In The News › City officials eyeing new and extended taxes to pay for streets, drainage work

City officials eyeing new and extended taxes to pay for streets, drainage work

By Jeff Adelson

The Advocate

January 19, 2016

New Orleans voters probably will be asked to extend a drainage millage later this year, and the city could be seeking unspecified additional money to pay for upgrades to the stormwater system down the road, officials said Tuesday.

Both ideas were described as necessary to keep city infrastructure improvements on pace into the next decade by city officials addressing the Fix My Streets Financing Working Group, a task force of residents and experts convened by Mayor Mitch Landrieu to come up with ways to fund a nearly $10 billion overhaul of the city’s streets and other infrastructure.

Cedric Grant, executive director of the Sewerage & Water Board and Landrieu’s point man on all capital projects, said the revenue proposals are needed to complete and maintain street work that will get a boost from a recent FEMA settlement.

On the one hand, the picture looks good for the future funding of the roadways themselves, with about $200 million in roadwork planned for this year.

FEMA announced last month it had agreed to boost the amount it would pay the city for damage to sewer, water and drainage lines after Hurricane Katrina by $1.2 billion, and that money also will go toward reconstructing the streets that lie above those pipes. That money is expected to carry the city’s road projects through the early 2020s, Grant said.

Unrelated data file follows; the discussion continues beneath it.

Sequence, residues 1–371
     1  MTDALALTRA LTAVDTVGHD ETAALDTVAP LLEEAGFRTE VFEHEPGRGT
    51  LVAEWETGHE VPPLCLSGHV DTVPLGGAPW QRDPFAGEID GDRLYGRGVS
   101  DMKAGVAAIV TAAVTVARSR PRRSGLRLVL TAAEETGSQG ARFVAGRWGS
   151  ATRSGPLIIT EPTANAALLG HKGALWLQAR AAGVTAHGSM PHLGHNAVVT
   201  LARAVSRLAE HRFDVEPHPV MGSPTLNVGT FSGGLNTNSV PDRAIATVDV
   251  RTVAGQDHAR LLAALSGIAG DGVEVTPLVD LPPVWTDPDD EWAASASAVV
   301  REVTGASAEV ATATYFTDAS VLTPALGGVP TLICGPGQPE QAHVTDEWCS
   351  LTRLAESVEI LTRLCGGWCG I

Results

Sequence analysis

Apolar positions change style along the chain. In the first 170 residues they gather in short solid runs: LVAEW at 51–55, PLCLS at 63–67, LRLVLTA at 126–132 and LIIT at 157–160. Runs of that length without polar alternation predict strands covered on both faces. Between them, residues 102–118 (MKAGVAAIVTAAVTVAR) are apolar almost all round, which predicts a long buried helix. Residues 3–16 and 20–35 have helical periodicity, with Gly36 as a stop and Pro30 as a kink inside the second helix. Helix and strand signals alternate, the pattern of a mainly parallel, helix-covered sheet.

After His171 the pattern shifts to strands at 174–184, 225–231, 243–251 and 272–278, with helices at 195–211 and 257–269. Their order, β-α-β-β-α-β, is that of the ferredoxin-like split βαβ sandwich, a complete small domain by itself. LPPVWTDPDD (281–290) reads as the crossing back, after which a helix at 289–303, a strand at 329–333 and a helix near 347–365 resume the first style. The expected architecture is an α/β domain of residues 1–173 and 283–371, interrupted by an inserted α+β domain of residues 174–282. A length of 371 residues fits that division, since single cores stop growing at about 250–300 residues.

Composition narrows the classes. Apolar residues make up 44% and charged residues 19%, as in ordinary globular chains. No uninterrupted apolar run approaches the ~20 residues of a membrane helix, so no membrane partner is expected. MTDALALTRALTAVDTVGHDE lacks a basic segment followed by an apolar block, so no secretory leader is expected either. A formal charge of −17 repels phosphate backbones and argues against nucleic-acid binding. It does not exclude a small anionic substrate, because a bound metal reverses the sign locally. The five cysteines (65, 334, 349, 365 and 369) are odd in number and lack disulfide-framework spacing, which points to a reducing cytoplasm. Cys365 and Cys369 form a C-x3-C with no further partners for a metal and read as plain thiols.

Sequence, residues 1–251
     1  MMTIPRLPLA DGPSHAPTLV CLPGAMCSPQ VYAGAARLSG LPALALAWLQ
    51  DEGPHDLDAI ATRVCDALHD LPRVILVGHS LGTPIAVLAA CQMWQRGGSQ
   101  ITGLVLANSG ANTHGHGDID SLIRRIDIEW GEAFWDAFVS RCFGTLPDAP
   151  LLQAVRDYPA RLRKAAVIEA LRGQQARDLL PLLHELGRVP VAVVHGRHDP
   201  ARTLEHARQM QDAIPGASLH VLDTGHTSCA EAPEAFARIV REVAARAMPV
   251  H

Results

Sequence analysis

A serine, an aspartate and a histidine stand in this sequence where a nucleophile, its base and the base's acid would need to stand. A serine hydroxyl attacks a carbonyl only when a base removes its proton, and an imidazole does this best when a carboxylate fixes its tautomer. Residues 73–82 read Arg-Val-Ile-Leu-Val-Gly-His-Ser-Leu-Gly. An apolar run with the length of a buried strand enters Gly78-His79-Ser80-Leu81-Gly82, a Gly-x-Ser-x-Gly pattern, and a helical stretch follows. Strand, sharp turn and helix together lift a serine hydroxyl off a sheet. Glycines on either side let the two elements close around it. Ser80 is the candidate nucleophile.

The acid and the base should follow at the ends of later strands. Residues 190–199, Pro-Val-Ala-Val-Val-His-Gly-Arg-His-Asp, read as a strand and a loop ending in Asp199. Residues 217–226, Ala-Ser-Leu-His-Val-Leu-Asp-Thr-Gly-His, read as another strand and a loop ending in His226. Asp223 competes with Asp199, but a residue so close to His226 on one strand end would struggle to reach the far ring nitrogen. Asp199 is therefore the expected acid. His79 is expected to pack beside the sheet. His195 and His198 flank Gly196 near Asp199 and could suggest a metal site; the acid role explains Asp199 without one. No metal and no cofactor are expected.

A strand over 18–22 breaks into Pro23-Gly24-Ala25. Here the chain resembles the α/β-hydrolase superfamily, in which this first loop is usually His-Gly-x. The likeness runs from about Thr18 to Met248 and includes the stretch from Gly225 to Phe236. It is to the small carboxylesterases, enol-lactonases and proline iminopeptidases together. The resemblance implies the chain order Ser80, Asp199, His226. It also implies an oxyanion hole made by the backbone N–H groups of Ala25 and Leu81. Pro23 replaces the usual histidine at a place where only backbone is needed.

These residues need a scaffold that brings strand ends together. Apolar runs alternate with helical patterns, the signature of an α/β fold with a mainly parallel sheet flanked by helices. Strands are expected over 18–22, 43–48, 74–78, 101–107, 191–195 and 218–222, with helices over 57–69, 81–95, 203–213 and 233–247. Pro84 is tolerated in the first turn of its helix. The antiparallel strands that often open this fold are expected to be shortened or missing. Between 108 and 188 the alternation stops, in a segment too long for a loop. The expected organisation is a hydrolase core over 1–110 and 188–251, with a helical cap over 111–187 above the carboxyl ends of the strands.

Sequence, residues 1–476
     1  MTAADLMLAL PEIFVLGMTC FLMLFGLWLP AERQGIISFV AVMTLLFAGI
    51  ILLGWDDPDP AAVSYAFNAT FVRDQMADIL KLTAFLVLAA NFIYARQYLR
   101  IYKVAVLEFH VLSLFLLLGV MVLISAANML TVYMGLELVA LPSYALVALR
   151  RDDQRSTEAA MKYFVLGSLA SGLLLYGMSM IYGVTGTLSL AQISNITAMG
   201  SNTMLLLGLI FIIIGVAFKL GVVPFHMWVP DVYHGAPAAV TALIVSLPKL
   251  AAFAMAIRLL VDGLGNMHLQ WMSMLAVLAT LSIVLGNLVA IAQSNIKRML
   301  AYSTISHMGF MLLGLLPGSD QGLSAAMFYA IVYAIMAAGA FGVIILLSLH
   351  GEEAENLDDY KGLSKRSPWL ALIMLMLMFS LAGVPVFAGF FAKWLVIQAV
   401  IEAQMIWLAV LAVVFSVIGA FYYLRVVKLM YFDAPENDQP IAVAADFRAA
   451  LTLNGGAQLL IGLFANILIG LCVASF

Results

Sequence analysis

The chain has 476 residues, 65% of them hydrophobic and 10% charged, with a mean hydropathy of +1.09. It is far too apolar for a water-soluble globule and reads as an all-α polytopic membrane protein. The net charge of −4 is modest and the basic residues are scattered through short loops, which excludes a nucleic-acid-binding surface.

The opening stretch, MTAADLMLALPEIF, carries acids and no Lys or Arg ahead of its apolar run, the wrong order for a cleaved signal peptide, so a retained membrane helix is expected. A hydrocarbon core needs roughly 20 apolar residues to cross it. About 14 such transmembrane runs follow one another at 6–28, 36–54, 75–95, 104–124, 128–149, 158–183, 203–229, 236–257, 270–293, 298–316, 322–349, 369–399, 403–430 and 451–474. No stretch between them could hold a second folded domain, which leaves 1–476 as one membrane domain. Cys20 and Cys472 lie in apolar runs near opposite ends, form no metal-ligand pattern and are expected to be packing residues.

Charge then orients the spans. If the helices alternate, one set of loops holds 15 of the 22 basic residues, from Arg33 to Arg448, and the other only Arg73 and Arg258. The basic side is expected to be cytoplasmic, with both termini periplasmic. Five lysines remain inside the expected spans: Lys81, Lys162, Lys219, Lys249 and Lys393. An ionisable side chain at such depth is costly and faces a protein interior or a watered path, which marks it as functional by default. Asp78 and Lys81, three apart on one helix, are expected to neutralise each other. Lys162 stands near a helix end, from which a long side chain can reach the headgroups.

By then, the city will have paid off previous bonds for infrastructure work, freeing up about $32 million a year in tax revenue for additional projects, he said.

But all of that money will cover only a portion of the roughly $9.3 billion needed to completely reconstruct the city’s street grid.

Officials are also expecting a bill for the city’s share of the massive Southeast Louisiana Urban Drainage Project, being built by the U.S. Army Corps of Engineers to improve the region’s ability to deal with rainwater. When construction is completed in 2019, the city will owe about 35 percent of the cost of that work, though the exact amount has yet to be determined. The city also will be on the hook for maintenance costs associated with that project and other drainage efforts throughout the region.

The 4.46-mill drainage tax expiring at the end of the year brings in about $16.1 million a year, or 31 percent of the money brought in by three property taxes dedicated to drainage.

The tax amounts to about $33.45 a year for the owner of a house with a homestead exemption worth $150,000, $78.05 for the owner of a property worth $250,000 and $122.65 for the owner of a property worth $350,000.

The renewal is expected to be on a fall ballot. That will come after a spring ballot when voters will decide whether to allow the city to renew about $120 million in bonds for streets work and whether to approve a 7.5-mill tax increase that officials say would generate $26.6 million for the police and fire departments. The new millage would largely go toward hiring additional police officers, shoring up firefighters’ pension system and paying a $75 million settlement in firefighters’ suit over back pay.

All this comes less than a year after voters approved a 2.5-mill increase in the millage that funds the city’s library system.

Bureau of Governmental Research President Celeste Coco-Ewing urged members of the task force to review a report the nonpartisan think tank released in November detailing how the use of dedicated funding streams means that while some areas of local government are scrambling, certain well-funded efforts such as the Ernest N. Morial Convention Center are flush.

Some members of the committee said the public might be wary of new and extended taxes if they don’t carry safeguards to ensure subsequent administrations continue to use the money for the purpose for which it was intended.

Some audience members said the city is asking for too much. Alicia Plummer said city agencies shouldn’t be asking for more money in the wake of the FEMA settlement, and that they aren’t “coming to the people for money because of need; they come to the people because they can.”

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